The Little Mermaid II: Return to the Sea ★★★★★

This review may contain spoilers. I can handle the truth.

This review may contain spoilers.

Someone reminded me how much I love this film today (it doesn't take much really) n I figured I should explain here since it's in my 4 favourites… this is just a copy paste of a review I wrote last year when it came out on blu-ray…

The Little Mermaid II is honestly turning into one of my favourite movies in a very serious way. There are too many abominable reviews of it out there and I've been meaning to try and redress the balance for a long time, especially since it hit blu-ray where it looks astonishingly better than it ever has. The story seems similar to the first movie on the surface - Ariel's daughter Melody wants to be a mermaid, like Ariel wanted to be human, but Ariel fears the dangers of the sea, like her father feared humans; particularly Morgana, sister of Ursula, the octopus witch of the original. But the way this is framed is important. Perhaps the reason Melody is drawn to the sea is that her parents, after the first hint of a threat from Morgana, built a giant wall separating land from sea - the very union that was the resolution of the first movie. We're drawn to the mysterious, that which we're told is forbidden - some of us, least - and Melody and Ariel are absolutely this kind of person, but they don't realise how alike they are. This is a movie about the need to label and divide passing from generation to generation and being considered okay as long as it's called something else, and - ironically - dividing us even more.

It's Melody's 12th birthday and just like Ariel at 16 she's not really au fait with such occasions, preferring to frolic beyond the forbidden wall with Sebastian the crab (okay, they don't explain why she's okay with the fact he can speak yet doesn't question the rest of her parents' bullsh*t lol… but hey I guess it's what you get used to that you believe…), exploring the ocean. After her party goes awry (a bit of slapstick with the old French chef from the first movie), there's a scene that resonated particularly strong for me on this viewing after some personal stuff this past weekend. Ariel tries to comfort Melody, making what to the audience is just a bad joke but when you actually think about it is actually incredibly cruel - "I was a regular fish out of water," she says, and follows up by saying, "you can tell me anything" which we know simply isn't true, and she should too, having hidden that statue etc from her father 12 years previously.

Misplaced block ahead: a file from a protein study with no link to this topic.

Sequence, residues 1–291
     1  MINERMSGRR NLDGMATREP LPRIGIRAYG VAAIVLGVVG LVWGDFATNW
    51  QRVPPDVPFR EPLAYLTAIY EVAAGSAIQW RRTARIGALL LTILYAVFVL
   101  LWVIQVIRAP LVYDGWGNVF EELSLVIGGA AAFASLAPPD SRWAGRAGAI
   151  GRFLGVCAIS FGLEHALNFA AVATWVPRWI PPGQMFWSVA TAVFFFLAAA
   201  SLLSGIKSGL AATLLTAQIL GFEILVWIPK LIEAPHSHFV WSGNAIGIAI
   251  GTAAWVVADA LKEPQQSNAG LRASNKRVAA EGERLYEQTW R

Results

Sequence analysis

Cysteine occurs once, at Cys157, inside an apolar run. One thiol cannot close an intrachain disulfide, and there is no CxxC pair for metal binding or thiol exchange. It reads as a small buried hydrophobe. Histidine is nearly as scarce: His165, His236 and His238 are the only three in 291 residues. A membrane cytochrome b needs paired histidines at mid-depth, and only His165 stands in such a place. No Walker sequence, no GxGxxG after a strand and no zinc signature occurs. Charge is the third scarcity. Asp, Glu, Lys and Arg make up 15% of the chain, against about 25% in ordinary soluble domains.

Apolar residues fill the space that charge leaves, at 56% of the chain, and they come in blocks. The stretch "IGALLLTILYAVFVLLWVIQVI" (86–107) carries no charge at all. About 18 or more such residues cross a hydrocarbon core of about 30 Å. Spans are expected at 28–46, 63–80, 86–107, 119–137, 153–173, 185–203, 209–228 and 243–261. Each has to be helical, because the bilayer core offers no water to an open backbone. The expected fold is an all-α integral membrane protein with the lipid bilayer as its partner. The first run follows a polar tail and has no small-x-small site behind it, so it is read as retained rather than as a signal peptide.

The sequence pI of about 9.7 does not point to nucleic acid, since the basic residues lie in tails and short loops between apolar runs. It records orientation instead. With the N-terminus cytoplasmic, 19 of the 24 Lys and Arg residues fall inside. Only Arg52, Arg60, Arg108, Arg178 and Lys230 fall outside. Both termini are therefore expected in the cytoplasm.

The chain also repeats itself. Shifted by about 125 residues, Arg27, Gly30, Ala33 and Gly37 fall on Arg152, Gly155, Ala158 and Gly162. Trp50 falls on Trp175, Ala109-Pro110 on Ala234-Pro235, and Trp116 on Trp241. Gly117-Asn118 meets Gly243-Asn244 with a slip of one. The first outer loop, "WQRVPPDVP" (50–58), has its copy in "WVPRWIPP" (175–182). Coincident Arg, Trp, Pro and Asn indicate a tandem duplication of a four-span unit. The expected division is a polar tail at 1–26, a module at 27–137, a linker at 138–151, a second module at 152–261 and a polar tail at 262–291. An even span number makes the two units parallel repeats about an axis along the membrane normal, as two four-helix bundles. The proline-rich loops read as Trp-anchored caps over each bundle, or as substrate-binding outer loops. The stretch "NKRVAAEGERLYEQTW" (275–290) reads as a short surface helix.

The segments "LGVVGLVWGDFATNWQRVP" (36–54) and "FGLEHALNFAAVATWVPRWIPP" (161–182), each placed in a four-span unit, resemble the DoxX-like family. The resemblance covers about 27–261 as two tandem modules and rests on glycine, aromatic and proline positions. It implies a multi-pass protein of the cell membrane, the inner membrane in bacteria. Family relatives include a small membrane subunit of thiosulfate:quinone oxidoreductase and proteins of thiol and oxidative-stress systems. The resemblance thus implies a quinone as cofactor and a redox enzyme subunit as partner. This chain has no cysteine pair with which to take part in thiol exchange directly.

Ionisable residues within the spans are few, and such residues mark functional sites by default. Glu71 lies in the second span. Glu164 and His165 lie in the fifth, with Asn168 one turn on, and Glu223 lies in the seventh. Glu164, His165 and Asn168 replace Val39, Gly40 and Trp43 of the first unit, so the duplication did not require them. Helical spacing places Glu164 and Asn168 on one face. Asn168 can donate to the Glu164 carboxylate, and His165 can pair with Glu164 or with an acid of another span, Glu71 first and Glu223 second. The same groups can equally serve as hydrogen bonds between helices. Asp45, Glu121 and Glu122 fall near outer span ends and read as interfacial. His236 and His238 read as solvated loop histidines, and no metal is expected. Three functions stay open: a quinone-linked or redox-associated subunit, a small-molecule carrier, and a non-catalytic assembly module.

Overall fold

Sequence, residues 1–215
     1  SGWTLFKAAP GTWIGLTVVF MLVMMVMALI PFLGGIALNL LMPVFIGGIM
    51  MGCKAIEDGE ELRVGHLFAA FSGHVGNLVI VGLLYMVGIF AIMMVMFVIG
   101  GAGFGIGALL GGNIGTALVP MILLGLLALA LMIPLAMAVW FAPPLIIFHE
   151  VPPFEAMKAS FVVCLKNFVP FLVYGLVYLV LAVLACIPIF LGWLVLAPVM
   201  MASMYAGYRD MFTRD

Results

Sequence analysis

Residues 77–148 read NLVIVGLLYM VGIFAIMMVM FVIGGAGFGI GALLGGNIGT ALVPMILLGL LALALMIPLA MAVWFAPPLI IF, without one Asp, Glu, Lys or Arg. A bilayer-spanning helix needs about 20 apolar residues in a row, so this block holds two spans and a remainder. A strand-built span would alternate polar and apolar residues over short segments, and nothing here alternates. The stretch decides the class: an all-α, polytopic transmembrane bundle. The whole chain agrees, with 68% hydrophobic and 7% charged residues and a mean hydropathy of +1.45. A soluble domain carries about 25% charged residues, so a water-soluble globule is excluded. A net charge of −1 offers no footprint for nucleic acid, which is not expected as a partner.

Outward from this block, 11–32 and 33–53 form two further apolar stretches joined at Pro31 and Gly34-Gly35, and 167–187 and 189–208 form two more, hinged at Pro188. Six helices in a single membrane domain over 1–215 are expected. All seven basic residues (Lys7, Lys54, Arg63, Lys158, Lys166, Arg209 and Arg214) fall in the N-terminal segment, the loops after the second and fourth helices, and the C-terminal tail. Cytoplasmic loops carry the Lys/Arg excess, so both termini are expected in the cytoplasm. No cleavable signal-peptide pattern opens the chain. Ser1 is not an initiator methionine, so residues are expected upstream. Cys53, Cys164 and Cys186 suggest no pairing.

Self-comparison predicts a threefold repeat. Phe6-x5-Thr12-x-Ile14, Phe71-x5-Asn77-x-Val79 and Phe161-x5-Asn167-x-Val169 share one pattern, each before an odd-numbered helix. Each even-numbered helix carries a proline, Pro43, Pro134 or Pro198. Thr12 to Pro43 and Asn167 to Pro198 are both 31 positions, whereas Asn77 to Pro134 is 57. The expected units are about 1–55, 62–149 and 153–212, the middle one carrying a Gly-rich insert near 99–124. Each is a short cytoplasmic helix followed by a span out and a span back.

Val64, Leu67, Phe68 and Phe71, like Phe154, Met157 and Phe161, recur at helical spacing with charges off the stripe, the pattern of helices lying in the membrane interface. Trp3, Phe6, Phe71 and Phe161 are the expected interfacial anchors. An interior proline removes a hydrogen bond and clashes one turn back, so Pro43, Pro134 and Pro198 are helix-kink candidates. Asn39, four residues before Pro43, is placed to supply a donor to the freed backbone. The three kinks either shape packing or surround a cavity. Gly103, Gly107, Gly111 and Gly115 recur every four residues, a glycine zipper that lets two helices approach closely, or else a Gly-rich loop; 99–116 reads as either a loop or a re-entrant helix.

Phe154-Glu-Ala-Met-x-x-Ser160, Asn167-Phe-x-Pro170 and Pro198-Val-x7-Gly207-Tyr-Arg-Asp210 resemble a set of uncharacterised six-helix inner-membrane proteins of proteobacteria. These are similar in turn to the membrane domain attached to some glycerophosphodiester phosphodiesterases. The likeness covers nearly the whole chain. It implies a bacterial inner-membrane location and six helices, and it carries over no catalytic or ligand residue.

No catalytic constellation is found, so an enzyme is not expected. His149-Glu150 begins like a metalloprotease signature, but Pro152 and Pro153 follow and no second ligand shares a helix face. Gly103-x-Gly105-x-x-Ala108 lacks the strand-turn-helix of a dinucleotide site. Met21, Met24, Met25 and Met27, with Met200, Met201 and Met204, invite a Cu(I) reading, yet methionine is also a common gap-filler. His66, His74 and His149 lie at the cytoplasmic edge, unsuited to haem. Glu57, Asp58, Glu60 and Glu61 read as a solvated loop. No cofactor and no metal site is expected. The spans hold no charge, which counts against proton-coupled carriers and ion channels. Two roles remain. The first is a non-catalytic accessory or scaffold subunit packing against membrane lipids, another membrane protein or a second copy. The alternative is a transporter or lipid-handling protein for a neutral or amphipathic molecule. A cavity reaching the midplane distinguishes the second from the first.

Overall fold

So it's understandable and actually a little exciting when Melody not only runs away, like Ariel did in the first movie, makes a deal with Ursula's sister and becomes a mermaid, but also then steals her grandfather's trident for the new witch. The fact is this family hasn't learned their own lesson yet, and it's exhilarating to see this little girl sticking it to them. Repetition is a form of insanity - this movie isn't recycling a story for the sake of making a little more money, it's actually using that cliché to say something about the fact we do this ourselves every day.

There is a simply incredible scene at the end of this movie. Ursula's sister is defeated in a similar fashion (a little rushed and easy if you ask me, but it's not exactly crucial to the reason I love the movie). King Triton tells his granddaughter Melody, "I don't blame you for wanting to join us merfolk…" (in the same condescending tone Ariel said "You can tell me anything…" if you ask me) and he gives her a choice - same as it seemed the rules were in the first movie - she can be a mermaid or a human, he'll wave his trident and make it so.

"I have a better idea," Melody says, and in the next shot, she holding the trident, breaks down the effing wall.

I've been going through a whole kind of self-analysis thing, well, most of my life, but particularly recently about gender binary, identity, the way these things pass down through generations, the way people do things because they feel it's what they're supposed to do, because who of us really knows better etc. But I'm focussing too much on my own obsessions. On the most basic level this movie is about absolutism in all its forms - any system that says there are only two choices and that one is right and one is wrong. The wall erected between land and sea is the wall between any two extremes you feel are pulling you to choose between, when you actually feel like you lie somewhere between and they both have their good and bad points. There are assholes and angels in both mer and human kingdoms and the wider you cast your net the more angelfish you're gonna catch (sorry that was awful lol). I really think this aspect of this movie has been severely overlooked - it might be the best message I've seen in any Disney movie. But still, really, as per my initial response, it had me at Melody and the incredible song "For a Moment"… for those two elements alone, it is worth it. If you haven't seen it yet, see it - if you have seen it, please… watch it again…

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